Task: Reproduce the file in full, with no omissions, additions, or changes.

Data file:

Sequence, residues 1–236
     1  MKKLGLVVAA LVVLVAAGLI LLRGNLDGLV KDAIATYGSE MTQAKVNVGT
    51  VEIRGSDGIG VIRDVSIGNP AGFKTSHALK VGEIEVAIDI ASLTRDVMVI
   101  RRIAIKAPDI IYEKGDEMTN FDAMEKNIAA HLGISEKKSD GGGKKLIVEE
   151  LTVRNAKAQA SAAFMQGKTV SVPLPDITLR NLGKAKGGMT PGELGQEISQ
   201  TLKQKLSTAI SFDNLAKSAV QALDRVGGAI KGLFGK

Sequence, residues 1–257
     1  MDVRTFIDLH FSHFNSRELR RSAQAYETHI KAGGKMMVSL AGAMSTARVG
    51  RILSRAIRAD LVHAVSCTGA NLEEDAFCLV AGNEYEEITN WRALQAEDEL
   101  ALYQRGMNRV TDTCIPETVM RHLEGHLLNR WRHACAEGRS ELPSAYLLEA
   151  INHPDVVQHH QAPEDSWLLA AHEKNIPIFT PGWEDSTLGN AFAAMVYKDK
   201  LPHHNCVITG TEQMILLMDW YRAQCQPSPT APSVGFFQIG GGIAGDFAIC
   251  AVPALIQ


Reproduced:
Sequence, residues 1–236
     1  MKKLGLVVAA LVVLVAAGLI LLRGNLDGLV KDAIATYGSE MTQAKVNVGT
    51  VEIRGSDGIG VIRDVSIGNP AGFKTSHALK VGEIEVAIDI ASLTRDVMVI
   101  RRIAIKAPDI IYEKGDEMTN FDAMEKNIAA HLGISEKKSD GGGKKLIVEE
   151  LTVRNAKAQA SAAFMQGKTV SVPLPDITLR NLGKAKGGMT PGELGQEISQ
   201  TLKQKLSTAI SFDNLAKSAV QALDRVGGAI KGLFGK

Sequence, residues 1–257
     1  MDVRTFIDLH FSHFNSRELR RSAQAYETHI KAGGKMMVSL AGAMSTARVG
    51  RILSRAIRAD LVHAVSCTGA NLEEDAFCLV AGNEYEEITN WRALQAEDEL
   101  ALYQRGMNRV TDTCIPETVM RHLEGHLLNR WRHACAEGRS ELPSAYLLEA
   151  INHPDVVQHH QAPEDSWLLA AHEKNIPIFT PGWEDSTLGN AFAAMVYKDK
   201  LPHHNCVITG TEQMILLMDW YRAQCQPSPT APSVGFFQIG GGIAGDFAIC
   251  AVPALIQ